I returned to purgatory on Sunday night.  Good, in that I didn’t have too much time to anticipate my return to work; bad, in that I was returning to work.  Napa was truly wonderful, as any place with amazing food, good wine and beautiful landscapes would be.  Highlights: the “taco truck” bloody mary at Ubuntu, made with clarified heirloom tomato juice and soju (among other, wonderfully tasty, things), running around (tipsy) with my husband in the cool night air, seeing Thomas Keller (because who doesn’t enjoy a celebrity sighting?), and flipping through a coffee table book dedicated to Tom of Finland (a highlight only in the sense that I will never be able to forget what I saw on those pages). 

But back to the subject at hand.  The networking event for professionals in publishing — the one that I had invested so much hope in, the one that was supposed to be my coming-out event — didn’t happen.  Whatever planet rules work-life balance must have been in retrograde last Thursday, because I was even more inundated with work than usual.  I find it a little bizarre that this happened on such a special night for me, but perhaps it wasn’t bizarre at all.  Either way, I worked through all of my meals, until my head hurt and I couldn’t see my computer screen anymore.   

Anyway, on the plane home from California I continued reading “What Color Is Your Parachute?”  In fact, I studied it.  I read and reread certain chapters, did a bunch of exercises, got the T-shirt.   While the book is teeming with useful guidence, the following exercise is particularly enlightening:

Continue reading ‘Career Transition Update: My Parachute Is Black’


Very luckily, I have an awesome husband who does cool stuff like suprising me with a trip to Napa for my birthday.  So I am peacing out on Friday, and leaving my bullshit behind for a weekend, in order to enjoy my husband and all of the greenery, good food and coastal views (maybe) that northern Cali can possibly offer us in two days.  Because of this, however, I must work extra hard today and tomorrow, since I don’t want to be in the awkward position of having to leave my bosses to finish my work (which they would have to, since I absolutely refuse to cancel this trip or to work while in Napa).   Plus, I think they may be trying to work me to death — since my death would be cheaper than laying me off (I think they have life insurance me, to boot) — and I’m not havin’ any of that.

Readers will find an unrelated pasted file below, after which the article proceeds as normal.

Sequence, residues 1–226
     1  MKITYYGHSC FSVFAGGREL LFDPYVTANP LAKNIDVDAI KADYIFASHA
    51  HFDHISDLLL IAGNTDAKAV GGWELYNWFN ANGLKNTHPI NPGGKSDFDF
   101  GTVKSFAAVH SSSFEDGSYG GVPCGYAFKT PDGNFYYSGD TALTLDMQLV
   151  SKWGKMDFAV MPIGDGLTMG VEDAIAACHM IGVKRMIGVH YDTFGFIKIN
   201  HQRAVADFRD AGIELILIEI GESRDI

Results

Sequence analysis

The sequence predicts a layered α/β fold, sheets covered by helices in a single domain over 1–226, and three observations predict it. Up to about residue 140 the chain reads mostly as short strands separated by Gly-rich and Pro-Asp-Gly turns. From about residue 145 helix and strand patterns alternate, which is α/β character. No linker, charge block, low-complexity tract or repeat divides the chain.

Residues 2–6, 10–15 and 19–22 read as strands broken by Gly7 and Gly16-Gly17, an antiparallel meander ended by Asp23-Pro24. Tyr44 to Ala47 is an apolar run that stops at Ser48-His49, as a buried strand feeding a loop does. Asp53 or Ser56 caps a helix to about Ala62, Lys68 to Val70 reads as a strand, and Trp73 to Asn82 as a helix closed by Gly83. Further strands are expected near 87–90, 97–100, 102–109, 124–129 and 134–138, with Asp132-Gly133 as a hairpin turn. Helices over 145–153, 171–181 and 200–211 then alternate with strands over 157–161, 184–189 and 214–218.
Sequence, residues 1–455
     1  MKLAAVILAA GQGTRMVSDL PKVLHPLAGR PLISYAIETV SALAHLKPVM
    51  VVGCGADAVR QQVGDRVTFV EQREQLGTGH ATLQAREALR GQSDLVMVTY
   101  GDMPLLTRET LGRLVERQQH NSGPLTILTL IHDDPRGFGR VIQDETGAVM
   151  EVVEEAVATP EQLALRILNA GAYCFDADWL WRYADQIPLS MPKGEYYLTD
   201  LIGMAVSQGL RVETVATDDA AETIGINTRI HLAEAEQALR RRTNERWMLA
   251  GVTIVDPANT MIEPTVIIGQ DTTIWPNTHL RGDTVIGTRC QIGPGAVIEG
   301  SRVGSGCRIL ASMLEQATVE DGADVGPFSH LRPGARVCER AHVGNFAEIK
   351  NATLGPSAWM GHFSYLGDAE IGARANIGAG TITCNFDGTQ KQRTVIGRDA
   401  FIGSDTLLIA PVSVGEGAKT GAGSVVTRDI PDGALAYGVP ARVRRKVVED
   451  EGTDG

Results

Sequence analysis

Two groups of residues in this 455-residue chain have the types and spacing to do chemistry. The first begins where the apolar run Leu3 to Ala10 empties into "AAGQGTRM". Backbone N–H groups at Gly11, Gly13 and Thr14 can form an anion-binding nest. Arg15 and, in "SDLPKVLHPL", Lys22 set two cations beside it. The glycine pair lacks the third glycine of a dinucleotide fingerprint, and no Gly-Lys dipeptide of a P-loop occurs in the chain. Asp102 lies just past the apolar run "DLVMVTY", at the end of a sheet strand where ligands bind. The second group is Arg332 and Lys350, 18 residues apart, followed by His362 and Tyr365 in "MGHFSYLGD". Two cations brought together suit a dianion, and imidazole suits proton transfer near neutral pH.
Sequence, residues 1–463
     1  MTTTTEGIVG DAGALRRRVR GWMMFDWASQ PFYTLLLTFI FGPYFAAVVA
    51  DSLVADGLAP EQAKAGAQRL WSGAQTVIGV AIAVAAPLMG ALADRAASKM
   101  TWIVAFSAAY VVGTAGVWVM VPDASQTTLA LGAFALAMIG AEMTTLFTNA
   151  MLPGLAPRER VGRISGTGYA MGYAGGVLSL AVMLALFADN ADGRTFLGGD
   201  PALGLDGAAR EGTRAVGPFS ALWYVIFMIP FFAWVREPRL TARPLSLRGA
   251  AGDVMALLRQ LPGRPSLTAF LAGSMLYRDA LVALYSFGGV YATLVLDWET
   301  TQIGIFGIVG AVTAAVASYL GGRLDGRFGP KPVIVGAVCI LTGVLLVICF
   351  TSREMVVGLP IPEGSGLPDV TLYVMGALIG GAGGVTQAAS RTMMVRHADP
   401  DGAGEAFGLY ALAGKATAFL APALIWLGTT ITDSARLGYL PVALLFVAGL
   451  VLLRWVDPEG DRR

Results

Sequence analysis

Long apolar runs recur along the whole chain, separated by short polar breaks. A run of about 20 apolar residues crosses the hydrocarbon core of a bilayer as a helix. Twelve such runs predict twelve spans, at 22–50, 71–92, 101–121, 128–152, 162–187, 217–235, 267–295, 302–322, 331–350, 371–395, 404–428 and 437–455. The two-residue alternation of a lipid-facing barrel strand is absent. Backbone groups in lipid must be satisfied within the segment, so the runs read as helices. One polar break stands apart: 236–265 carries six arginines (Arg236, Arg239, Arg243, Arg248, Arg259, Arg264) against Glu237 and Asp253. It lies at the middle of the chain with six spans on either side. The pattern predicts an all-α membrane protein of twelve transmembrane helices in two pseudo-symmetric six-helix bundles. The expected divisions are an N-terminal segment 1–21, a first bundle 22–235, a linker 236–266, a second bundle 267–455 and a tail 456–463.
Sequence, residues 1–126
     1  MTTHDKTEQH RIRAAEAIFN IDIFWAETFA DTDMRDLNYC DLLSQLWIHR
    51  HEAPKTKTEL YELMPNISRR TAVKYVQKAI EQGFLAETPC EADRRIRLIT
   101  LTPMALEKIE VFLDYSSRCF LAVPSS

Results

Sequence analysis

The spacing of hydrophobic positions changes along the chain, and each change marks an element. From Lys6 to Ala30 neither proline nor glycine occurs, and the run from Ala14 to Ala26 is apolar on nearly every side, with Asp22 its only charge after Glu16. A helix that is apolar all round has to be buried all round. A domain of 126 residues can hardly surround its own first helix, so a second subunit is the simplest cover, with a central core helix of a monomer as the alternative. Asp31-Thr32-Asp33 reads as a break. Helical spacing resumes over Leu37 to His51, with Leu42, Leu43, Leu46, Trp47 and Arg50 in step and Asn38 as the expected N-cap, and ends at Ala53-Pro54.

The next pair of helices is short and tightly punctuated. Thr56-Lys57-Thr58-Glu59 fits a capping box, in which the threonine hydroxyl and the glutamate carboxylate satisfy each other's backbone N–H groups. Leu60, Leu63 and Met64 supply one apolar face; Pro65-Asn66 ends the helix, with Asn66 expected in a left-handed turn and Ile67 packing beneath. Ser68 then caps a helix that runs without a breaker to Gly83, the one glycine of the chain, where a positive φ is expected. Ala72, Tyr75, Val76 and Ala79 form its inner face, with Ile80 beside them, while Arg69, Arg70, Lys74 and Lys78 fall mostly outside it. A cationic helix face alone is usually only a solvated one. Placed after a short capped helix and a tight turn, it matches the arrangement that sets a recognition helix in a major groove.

SO, below is a quick update.  I left work early yesterday, feeling sick from exhaustion and insufficient nutrition (have been living on lattes, cupcakes and Excedrin for too many consecutive days), and so got a LOT done on my career/job search, while laying on my couch in sweatpants (best working conditions ever):

Continue reading ‘Busy, busy, busy’


[Image via Manic World]

On Saturday, Judith had me visualize a day in my life in the year 2020.   She had me look at myself in the mirror in the moments before leaving my home.  She had me see what I was wearing, get into my car, drive to my place of employment, say hello to my assistant, and read a letter notifying me that I was being honored for my life’s work.  We were at the point where Judith instructed me to visualize what exactly I was being honored for.   I couldn’t take it.  The tears had been welling up since I saw what I would be wearing in 2020.  I started crying like a little girl.

Continue reading ‘Lessons for a Tired Soul’


I was expecting Moscow to be a drab, gray relic of Soviet days past.  In many ways, it inevitably is.  But underneath all of that gray is a pulsating city that pushes its way through its own drab exterior, exploding in jagged rooftops, 4-inch stiletto heels, tinted Mercedes and displays of power the likes of which I have never before encountered.  The honesty of Moscow is jarring at first, but on second glance, that same honesty is breathtaking.  Moscow isn’t restrained by a “civilized” packaging.  Moscow is a city lying open, raw, exposing its humanity for all to feel.  And because of that, Moscow is the most exhilarating place I have ever visited.

Continue reading ‘Inspired: To Moscow, With Love’